Here's how businesses really feel about Brexit
But now the leaders of 1,224 businesses have added their voices to the chorus – after the Institute of Directors asked its members how they feel about the referendum debate.
The top line? Business leaders are split 63-29 in favour of remain, with six in 10 saying access to the single market is important to them – but three-quarters insist the EU needs reform.
Here’s what they think:
1. They rely on the EU more than we realise
Some 42 per cent of leaders said they export to services to Europe (while only 21 per cent said they export goods there) – but 39 per cent said they employ people from the EU. Just 17 per cent said they have no links with the continent whatsoever.
Continued access to the single market was vital for 58 per cent of those surveyed – although 20 per cent said it wasn’t important.
2. They want reform
Although 37 per cent said they strongly agreed and 21 per cent said they tended to agree the benefits of the UK remaining a full member of the EU outweighs the negatives, an overwhelming number said the EU needs reform, with 74 per cent either strongly agreeing or tending to agree an unreformed European Union is on a path of economic decline. That’s a strong message to the Treasury.
3. They think the UK could make a go of Brexit
While business owners said access to the single market was important, they were also pretty optimistic about the UK’s prospects if it does vote to leave the European Union.
Some 28 per cent strongly agreed, and another 22 per cent tended to agree, that the UK could make an economic success of leaving the EU. So perhaps all those warnings about the impact on jobs and house prices and the manufacturing sector, etc etc, are being viewed with suspicion.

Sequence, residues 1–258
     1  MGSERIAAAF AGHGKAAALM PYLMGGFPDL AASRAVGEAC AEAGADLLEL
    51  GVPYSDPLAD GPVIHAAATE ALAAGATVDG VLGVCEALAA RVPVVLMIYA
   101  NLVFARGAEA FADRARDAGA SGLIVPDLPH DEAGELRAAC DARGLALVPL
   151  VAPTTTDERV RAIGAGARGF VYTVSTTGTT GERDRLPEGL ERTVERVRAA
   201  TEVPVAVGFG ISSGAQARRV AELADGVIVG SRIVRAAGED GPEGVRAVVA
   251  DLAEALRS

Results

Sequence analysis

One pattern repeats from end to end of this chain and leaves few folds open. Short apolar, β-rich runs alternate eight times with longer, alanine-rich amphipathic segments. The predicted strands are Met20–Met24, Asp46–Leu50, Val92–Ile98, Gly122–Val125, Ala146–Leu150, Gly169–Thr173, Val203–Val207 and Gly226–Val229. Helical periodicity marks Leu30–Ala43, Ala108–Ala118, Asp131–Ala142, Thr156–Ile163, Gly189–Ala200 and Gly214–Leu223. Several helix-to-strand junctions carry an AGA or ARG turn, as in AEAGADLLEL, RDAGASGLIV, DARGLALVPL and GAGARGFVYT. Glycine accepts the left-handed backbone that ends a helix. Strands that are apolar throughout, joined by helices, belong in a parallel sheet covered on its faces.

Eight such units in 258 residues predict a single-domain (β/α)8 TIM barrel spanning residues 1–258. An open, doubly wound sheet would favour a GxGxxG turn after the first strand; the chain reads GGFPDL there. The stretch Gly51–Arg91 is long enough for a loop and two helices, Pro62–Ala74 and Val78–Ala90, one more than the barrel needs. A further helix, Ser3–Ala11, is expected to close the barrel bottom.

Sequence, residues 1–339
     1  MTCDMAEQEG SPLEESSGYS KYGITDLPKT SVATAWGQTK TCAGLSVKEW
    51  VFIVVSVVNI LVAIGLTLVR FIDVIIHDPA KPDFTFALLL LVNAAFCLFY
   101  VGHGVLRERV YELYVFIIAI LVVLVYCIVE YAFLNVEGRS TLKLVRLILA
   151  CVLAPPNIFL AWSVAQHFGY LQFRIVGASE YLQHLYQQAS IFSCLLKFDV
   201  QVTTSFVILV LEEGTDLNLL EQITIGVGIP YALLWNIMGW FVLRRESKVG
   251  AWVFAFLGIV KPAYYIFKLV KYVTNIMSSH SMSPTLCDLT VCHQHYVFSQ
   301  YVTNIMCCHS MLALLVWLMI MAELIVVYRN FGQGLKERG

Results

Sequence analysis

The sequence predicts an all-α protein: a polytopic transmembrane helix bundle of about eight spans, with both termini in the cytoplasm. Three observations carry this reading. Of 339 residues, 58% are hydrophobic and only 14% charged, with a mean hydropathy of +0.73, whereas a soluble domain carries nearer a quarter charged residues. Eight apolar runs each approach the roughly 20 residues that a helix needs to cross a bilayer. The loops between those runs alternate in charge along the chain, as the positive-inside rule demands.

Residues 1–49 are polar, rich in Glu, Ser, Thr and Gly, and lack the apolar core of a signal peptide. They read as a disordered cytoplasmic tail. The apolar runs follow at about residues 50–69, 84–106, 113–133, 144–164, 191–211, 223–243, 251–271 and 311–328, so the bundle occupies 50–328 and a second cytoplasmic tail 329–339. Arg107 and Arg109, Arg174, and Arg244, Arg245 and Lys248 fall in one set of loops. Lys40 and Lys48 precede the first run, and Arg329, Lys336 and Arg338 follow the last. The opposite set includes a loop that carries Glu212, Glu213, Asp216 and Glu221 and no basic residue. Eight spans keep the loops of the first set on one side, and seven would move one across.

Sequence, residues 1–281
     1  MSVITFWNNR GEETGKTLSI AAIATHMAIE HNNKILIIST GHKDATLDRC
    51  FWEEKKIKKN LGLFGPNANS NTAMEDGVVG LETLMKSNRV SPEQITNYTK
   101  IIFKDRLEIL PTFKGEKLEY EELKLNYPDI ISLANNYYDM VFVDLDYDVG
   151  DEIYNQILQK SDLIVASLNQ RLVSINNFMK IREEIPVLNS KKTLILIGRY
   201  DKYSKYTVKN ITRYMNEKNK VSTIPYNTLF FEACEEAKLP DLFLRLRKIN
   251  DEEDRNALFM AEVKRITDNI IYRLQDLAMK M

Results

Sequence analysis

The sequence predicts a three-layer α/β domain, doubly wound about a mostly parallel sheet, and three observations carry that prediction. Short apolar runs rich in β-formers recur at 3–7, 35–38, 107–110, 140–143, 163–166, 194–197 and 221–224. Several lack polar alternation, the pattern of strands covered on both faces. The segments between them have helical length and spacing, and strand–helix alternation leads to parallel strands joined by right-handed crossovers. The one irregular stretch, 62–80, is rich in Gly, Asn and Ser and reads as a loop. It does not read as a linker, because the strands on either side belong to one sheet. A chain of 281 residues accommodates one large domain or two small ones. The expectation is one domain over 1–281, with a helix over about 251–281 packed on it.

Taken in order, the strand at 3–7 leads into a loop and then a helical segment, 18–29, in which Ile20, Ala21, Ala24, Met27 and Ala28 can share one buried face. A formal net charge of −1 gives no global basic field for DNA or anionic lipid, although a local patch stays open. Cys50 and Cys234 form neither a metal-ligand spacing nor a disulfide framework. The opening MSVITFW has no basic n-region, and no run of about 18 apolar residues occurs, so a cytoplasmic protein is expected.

4. They’re downright optimistic about Brexit’s impact on red tape
Business leaders are pretty scathing about red tape at the best of times – but it’s telling that 46 per cent said a Brexit will have a positive impact on social and employment legislation.
That said, they were less positive on the impact on skills, with just under half saying leaving the EU will have a negative impact on access to skilled migrants.
5. They want the Norway option
If the UK does vote to leave, the “Norway option” – the arrangement giving Norway and Iceland access to the single market but no ability to negotiate or vote on EU legislation – was favoured by 36 per cent of those surveyed.
That was followed by 31 per cent, who would rather the UK just maintains its relationship through the World Trade Organisation, rather than having a specific agreement with the EU.
6. They’re worried about how Brexit will affect trade
The t-word was the major issue for most of those surveyed – 53 per cent said a Brexit will have a negative impact on trade, while another 38 per cent said it will hit the UK’s ability to innovate.
Meanwhile, 49 per cent said if the pound were to “significantly” depreciate after a vote to leave the European Union, that would have either a slightly or a very negative impact – compared with the 28 per cent who said weaker sterling would be either slightly or very positive.